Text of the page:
Deterrent Effect of Incarceration
While incapacitation effects reduce crime by preventing inmates from committing new crimes, deterrent effects reduce crime by deterring would-be criminals from offending. To estimate the extent of deterrent effects, economists usually look for quasi-experimental variations in sentencing severity among seemingly-comparable individuals.
Consider the famous three-strikes law in California. It requires a minimum sentence of 25 years when an offender with two serious felony convictions commits a new crime. Until its revision in 2012, the third “strike” could be any felony conviction, including relatively minor violations of law.
Economists Eric Helland and Alexander Tabarrok noted that, under the three-strikes law, the costs of committing a new crime are very much different between offenders with one strike and two strikes. Offenders with one strike would probably end up with a short jail term when they are caught for a relative minor crime. On the other hand, offenders with two strikes who commit the same minor crime can be sentenced to 25 years or more in prison. Comparing recidivism patterns between 1) offenders with two prior strikes and 2) offenders who were tried for two strikeable crimes but only received one conviction, Helland and Tabarrok concluded that the threat of a 25-years-to-life prison sentence reduces the likelihood of a new felony offense by 20 percent.
Helland and Tabarrok’s study examines one extreme example of deterrent effects. A felony offender who commits a relatively minor crime may receive a life sentence (if he had two strikes already) or be sentenced to a short jail term (if not). But what about deterrent effects in less extreme cases? Can government expect strong deterrent effects when they increase the length of prison sentence for a given crime from, say, two years in prison to four years in prison?
A recent study by economists Francesco Drago, Roberto Galbiati, and Pietro Vertova attempts to answer this question by exploiting the variation in punishment severity caused by a large-scale pardon in Italy. A government pardon in 2006 reduced the length of incarceration for all inmates in Italy by 3 years, and as a result, about 22,000 inmates who had less than 3 years of prison time remaining were released. On a single day (August 1, 2006), the number of prison population in Italy fell by 40 percent.
The pardon came with an important caveat. If a former inmate released early because of the pardon commits a new crime within 5 years, he will have to serve the remaining portion of the original sentence in addition to the sentence for the new crime. For example, if an inmate was released six months earlier than the scheduled time of release because of the pardon, when he receives a new conviction in the future, his sentence will automatically increase by six months.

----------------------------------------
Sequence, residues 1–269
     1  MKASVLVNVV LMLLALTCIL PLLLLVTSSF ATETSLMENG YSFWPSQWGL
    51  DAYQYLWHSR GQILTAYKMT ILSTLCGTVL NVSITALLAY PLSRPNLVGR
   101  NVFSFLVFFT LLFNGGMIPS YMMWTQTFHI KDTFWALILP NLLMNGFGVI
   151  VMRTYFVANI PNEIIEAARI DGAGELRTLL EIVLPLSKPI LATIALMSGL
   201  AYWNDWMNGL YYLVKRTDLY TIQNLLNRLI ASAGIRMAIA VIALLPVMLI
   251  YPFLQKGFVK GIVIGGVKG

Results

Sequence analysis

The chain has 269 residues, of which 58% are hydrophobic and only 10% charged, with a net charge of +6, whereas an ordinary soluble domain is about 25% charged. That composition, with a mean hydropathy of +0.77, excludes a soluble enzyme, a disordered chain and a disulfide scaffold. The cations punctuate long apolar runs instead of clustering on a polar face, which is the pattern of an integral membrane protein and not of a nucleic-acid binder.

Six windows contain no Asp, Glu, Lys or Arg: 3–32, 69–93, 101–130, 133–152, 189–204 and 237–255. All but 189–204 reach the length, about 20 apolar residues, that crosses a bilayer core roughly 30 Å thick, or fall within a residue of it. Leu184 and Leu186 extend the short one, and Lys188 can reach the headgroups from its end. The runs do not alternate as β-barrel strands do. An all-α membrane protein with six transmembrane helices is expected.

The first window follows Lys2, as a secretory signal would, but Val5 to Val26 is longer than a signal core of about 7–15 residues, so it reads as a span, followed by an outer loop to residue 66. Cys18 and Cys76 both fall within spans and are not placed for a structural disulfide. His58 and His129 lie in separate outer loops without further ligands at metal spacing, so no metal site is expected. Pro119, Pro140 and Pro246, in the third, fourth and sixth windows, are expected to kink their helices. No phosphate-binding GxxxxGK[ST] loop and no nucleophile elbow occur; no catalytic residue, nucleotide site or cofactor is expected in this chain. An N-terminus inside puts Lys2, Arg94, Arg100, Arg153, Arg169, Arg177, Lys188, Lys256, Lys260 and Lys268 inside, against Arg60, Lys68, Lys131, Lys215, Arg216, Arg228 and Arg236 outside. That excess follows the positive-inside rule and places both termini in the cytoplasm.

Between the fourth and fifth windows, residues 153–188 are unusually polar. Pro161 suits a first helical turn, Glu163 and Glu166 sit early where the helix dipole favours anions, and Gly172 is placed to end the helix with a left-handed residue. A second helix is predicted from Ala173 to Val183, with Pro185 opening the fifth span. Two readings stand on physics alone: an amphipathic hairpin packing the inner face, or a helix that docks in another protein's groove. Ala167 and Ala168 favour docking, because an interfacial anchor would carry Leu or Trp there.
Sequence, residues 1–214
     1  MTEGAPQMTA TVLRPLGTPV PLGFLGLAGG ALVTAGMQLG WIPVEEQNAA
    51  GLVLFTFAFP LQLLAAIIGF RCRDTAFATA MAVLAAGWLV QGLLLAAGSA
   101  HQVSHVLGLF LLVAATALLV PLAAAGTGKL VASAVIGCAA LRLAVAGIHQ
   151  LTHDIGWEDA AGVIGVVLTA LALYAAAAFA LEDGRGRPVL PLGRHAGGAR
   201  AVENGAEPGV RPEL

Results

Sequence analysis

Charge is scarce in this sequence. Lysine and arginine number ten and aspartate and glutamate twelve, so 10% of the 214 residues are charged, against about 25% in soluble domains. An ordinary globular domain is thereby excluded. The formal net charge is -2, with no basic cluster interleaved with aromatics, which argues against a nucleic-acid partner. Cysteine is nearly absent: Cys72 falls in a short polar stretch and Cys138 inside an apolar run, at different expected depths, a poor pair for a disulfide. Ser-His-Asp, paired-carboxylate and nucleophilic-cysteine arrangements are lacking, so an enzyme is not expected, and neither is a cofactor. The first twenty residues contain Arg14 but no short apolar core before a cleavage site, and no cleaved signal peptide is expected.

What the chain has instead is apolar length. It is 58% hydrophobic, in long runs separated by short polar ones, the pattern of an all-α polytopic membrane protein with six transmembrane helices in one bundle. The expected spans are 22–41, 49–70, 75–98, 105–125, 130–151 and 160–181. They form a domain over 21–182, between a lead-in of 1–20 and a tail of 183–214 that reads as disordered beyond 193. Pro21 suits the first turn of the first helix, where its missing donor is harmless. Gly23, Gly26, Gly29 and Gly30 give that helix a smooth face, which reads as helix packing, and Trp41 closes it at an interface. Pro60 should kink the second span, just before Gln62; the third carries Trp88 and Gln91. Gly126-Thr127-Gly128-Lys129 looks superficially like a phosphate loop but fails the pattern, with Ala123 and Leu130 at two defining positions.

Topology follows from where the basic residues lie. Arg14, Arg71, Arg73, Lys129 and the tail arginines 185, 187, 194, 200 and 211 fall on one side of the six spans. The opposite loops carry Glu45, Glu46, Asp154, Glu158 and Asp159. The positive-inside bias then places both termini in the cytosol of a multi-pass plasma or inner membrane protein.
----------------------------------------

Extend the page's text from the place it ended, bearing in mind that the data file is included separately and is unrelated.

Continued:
This created a variation in the severity of future punishment among seemingly-comparable offenders. Suppose the pardon led to the early release of two inmates who committed the same crime and received the same sentence. However, if the first inmate entered prison six months earlier than the second inmate, the first inmate must have served six more months at the time of release. If they are re-convicted of the same offense in the future, the second inmate will have to serve six months longer than the first inmate. Would this extra time in prison deter the second inmate from committing a new offense?
Analyzing the recidivism patterns of Italian inmates and how it varied across the expected length of future incarceration, authors found that the increase in the expected length of incarceration significantly reduced the likelihood of recidivism. (They estimate that the elasticity of crime with respect to the expected length of incarceration is equal to -0.74.) These findings suggest that both small and large increases in the severity of punishment can successfully deter would-be criminals.
- Drago, Francesco, Roberto Galbiati, and Pietro Vertova. “The Deterrent Effects of Prison: Evidence from a Natural Experiment.” Journal of Political Economy 117.2 (2009): 257-280.
- Helland, Eric, and Alexander Tabarrok. “Does Three Strikes Deter? A Nonparametric Estimation.” Journal of Human Resources 42.2 (2007): 309-330.
- Levitt, Steven D. “The Effect of Prison Population Size on Crime Rates: Evidence from Prison Overcrowding Litigation.” Quarterly Journal of Economics 111.2 (1996): 319-351.
- Owens, Emily G. “More Time, Less Crime? Estimating the Incapacitative Effect of Sentence Enhancements.” Journal of Law and Economics 52.3 (2009): 551-579.
© Songman Kang, Hanyang University